I regret to inform you that your entire premise is false. I realize that you must be disappointed. Sorry...

    Source(s): three college degrees, including a Master of Education (M.Ed), and 17 years of professional experience as a teacher, educator, and academic advisor
    • ...Show all comments
    • defend liberty
      Lv 7
      5 months agoReport

      Well, to those who have commented here, we have tried. Unfortunately, anonymous is just deluded, living in her own little bubble.

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  • drip
    Lv 7
    6 months ago

    You check state law. You check with other homeschooled parents. See if any have gone through this. Talk to the school district or the Superintendent. You may try the public library. Ask a research librarian to help you. You need to know your rights

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  • 6 months ago

    In most states you have to be approved through a school or school district to home school. Give this approval to the school along with the records you were required to keep.

    But, laws to vary from state to state so get familiar with yours (although since you were homeschooling you should already be very familiar with them)

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    • sha_lyn68
      Lv 7
      5 months agoReport

      Then Most states after that only have a minimum amount of reporting such as a standardized test either once a year or every three years, and in many states the tests scores are not even reported to the state but are kept by the parents in case the child wants to go to public school.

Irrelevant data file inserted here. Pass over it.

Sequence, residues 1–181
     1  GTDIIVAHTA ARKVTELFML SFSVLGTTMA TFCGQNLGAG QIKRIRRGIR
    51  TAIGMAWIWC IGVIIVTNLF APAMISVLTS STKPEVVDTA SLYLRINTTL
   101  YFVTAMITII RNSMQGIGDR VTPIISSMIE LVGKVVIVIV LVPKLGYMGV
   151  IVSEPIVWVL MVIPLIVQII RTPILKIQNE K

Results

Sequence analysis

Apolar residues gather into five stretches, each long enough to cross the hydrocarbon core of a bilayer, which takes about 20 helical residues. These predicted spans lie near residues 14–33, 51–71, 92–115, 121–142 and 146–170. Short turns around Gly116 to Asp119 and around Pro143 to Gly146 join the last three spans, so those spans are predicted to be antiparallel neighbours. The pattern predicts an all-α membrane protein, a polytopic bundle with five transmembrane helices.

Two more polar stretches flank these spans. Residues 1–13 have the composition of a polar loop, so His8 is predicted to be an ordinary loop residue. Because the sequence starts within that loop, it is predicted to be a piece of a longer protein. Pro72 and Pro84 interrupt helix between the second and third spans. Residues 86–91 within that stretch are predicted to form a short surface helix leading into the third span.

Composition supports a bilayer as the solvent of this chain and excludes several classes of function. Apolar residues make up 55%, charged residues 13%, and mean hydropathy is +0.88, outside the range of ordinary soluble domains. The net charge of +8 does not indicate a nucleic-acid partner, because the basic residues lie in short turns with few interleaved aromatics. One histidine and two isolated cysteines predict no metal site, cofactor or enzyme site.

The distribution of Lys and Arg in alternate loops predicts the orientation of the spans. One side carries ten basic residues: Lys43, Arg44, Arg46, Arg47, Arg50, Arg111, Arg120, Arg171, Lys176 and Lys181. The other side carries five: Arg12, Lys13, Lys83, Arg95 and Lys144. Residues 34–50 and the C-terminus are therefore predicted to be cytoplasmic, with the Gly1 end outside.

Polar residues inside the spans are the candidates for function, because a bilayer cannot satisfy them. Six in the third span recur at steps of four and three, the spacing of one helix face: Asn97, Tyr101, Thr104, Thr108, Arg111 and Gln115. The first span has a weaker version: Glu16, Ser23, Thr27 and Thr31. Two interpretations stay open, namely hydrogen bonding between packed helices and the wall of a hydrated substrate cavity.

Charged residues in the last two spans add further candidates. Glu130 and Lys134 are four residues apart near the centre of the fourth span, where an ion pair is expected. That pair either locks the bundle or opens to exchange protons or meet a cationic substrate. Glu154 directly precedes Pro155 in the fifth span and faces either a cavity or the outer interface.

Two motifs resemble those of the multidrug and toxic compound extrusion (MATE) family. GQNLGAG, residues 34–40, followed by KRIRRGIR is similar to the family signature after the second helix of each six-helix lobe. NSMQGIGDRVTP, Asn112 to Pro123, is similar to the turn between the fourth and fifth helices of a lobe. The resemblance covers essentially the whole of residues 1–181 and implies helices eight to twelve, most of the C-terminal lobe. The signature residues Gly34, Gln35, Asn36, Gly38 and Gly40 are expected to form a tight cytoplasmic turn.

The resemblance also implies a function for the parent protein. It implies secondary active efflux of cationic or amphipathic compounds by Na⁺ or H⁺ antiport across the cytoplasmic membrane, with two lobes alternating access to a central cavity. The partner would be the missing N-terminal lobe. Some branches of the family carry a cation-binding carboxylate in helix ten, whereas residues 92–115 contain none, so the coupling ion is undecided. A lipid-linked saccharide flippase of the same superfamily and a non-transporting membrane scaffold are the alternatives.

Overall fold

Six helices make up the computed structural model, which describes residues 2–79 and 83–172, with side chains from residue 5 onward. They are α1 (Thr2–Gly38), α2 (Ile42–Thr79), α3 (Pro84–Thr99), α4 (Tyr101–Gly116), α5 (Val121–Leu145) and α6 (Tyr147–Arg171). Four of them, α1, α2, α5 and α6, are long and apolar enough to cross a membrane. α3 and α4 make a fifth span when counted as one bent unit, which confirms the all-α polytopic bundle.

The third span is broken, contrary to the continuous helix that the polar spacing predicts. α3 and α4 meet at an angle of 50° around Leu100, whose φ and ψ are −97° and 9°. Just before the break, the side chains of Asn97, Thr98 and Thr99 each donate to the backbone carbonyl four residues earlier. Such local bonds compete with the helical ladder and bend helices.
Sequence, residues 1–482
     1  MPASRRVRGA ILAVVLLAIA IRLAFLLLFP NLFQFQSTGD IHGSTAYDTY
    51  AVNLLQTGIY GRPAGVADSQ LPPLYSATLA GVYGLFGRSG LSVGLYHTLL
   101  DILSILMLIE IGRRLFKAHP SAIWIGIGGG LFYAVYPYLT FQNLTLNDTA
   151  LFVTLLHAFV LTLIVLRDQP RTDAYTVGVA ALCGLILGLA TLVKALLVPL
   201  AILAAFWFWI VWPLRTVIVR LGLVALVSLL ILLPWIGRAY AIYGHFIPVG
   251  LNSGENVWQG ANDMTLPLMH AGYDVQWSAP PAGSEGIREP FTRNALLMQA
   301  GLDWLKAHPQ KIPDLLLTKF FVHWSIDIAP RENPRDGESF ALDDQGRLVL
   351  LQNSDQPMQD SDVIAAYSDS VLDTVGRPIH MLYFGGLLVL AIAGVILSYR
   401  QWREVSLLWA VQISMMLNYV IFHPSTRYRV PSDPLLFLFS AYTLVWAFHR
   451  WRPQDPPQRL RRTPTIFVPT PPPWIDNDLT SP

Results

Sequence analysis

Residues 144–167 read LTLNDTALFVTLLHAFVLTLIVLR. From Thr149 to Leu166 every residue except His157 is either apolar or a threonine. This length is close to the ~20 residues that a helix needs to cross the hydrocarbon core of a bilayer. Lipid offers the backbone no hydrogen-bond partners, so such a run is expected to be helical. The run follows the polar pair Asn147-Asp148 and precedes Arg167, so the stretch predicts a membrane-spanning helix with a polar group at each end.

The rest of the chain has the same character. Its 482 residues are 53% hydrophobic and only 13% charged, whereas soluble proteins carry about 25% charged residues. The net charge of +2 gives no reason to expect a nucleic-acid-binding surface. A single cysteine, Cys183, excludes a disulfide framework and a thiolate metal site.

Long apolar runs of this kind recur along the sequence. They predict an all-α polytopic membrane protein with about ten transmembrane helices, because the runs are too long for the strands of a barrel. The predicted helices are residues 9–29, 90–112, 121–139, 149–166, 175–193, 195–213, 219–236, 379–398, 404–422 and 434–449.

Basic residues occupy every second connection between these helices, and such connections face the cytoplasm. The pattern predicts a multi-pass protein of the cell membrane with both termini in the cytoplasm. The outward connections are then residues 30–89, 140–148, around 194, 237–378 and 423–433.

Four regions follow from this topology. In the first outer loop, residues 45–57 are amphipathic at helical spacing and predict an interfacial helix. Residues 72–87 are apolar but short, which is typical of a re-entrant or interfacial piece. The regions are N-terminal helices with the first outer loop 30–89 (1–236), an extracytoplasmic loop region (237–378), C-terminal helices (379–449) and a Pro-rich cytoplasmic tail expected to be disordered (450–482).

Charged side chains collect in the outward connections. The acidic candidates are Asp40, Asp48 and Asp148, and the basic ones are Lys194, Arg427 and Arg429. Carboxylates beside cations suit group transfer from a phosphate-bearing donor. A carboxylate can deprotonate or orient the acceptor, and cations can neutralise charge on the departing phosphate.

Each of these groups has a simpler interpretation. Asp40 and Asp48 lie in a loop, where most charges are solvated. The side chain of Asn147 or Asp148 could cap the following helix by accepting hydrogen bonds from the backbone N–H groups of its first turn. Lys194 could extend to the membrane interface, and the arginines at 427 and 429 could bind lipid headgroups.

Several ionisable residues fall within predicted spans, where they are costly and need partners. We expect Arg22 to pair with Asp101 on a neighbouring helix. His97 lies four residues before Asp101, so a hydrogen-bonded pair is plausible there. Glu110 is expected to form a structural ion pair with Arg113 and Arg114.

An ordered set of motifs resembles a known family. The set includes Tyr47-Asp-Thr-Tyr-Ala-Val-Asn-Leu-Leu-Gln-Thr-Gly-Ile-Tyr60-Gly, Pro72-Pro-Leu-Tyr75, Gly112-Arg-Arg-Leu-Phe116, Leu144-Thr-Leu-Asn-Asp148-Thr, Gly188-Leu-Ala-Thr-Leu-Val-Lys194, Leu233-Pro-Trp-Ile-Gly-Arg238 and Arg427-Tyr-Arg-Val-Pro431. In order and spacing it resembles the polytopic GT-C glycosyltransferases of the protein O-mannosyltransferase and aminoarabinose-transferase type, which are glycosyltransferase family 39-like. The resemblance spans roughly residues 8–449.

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  • 6 months ago

    Repeating 9th grade will give him lots of confidence which will help his social relationships too. Just do not give him the idea that this is a negative and he will be fine with it.

    My youngest sister was doing poorly in her UK school at your son's age and transferred to a US school which meant she repeated two years as US schools are well behind ours. My parents sensibly did not point that out to her and she just thought she had become a superstar. Helped her no end!

    • sha_lyn68
      Lv 7
      5 months agoReport

      How would repeating a grade he's already completed, thus labeling him as a failure, give him confidence? What makes you think her son needs help in his social relationships?

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  • 6 months ago

    maybe you could try another school

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  • Anonymous
    6 months ago

    Perhaps he can take a test to prove that he has learned the ninth grade skills and is ready to begin 10th grade.

    • I have gone back and forth with the school in meetings after meetings. I asked them the same thing! They will not budge! I'm in Georgia and the school system out here is not what I'm used to coming from the Pacific NW.

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  • Anonymous
    6 months ago

    No do it yourself.........

    • I agree! I'd love to give them the middle finger, to be honest, but my child is wanting a high school experience so bad. I'm just trying to think of ways around this mess.